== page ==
In short, it is a complicated process. You are best represented by a diligent, accessible, knowledgeable agent. This is the biggest purchase most people will make in their lives and you should search to find the best representation. A good agent can buy you peace of mind.

Friday, August 8, 2008

Get an Interest Free Home Loan from Uncle Sam

SFGate 8/3/08, How Home Purchase Federal Tax Credit Works:

(08-03) 04:00 PDT Washington -- Anybody who's been sitting on the sidelines hesitant to jump into real estate until conditions settle down should know these dates: April 9, 2008, through June 30, 2009.

They mark the eligibility time to qualify for the home purchase tax credit created by the massive housing bill approved by Congress. If you have not owned a house during the past three years - or are considering buying your first home - and can go to closing before the end of next June, you may be eligible for up to a $7,500 credit against your federal taxes for 2008 or 2009 ($3,750 if you file taxes as a single person).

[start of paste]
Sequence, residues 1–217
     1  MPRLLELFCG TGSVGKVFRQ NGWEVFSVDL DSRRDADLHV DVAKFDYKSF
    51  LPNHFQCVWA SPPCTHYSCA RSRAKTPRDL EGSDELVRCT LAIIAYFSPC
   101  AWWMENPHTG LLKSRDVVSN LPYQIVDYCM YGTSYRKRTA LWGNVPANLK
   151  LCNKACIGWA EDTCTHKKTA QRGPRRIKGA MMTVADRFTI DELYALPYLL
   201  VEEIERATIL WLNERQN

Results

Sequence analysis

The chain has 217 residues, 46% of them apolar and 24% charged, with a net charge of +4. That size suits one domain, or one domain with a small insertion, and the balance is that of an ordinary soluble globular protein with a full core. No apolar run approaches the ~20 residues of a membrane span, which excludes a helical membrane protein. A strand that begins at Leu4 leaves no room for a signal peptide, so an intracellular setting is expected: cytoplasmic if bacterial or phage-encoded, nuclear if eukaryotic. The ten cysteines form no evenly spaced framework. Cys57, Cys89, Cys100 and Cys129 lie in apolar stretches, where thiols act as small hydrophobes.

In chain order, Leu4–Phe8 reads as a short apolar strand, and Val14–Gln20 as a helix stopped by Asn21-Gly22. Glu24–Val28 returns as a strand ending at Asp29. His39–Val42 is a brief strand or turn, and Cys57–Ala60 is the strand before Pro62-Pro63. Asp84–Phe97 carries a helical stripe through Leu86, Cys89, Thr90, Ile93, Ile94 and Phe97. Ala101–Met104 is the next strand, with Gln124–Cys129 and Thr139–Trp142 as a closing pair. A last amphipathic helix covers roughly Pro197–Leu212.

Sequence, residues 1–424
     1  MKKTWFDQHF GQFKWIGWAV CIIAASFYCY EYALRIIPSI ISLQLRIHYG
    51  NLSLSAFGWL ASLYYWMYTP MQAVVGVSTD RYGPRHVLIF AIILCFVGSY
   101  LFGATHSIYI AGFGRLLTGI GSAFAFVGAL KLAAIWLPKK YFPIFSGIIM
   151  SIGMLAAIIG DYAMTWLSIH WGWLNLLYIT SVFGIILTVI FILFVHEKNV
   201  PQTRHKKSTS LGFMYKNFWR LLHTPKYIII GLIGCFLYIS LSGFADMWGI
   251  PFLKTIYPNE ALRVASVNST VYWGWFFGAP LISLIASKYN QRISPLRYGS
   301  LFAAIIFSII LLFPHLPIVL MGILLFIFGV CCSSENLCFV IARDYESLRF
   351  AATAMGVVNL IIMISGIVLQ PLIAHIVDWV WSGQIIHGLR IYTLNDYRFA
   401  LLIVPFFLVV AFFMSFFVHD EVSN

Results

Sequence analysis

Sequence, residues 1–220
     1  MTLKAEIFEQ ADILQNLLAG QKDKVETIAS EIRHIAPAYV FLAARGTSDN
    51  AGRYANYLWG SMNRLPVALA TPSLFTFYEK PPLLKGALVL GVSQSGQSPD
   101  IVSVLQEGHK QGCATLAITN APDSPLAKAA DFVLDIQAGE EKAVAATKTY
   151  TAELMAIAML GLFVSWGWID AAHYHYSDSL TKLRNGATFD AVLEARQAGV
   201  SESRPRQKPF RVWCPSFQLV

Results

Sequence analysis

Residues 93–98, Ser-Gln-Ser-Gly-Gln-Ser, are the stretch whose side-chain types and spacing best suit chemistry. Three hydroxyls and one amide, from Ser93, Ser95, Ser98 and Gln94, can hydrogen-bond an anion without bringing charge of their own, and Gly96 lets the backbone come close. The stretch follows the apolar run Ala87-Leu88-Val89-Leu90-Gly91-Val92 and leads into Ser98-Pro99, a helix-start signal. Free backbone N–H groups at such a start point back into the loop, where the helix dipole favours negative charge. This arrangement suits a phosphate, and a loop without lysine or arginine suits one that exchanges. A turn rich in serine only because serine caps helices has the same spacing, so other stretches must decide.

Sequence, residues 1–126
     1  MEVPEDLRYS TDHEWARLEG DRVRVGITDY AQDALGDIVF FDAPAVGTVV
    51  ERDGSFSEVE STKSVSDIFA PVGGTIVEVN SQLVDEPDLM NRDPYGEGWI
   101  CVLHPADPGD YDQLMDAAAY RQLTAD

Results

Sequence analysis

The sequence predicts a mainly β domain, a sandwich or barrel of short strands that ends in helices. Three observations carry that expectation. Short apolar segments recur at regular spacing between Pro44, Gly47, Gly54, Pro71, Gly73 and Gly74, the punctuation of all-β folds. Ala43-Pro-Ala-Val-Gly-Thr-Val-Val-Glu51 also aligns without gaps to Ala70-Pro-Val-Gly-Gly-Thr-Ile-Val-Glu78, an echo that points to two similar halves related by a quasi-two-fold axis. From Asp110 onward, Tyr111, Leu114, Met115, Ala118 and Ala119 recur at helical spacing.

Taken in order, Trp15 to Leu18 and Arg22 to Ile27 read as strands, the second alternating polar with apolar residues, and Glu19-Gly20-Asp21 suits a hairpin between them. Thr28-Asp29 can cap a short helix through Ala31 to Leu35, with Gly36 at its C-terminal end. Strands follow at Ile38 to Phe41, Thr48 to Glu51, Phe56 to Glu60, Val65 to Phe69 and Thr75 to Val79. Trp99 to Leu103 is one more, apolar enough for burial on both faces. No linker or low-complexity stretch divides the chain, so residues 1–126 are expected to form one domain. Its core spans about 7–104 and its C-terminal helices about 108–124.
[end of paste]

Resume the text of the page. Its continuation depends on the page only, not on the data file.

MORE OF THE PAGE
In order to stimulate the national housing market, Congress is offering this incentive to encourage buyers to buy before the June 2009 deadline. It is money you will need to pay back. Still, time is money and since you can use it now and pay it back in the future without any interest or fees; there is real value to the credit.

At its core, the new tax credit functions very much like an interest-free loan for up to $7,500. You pay the principal back in increments over time, but there's no interest charge to you.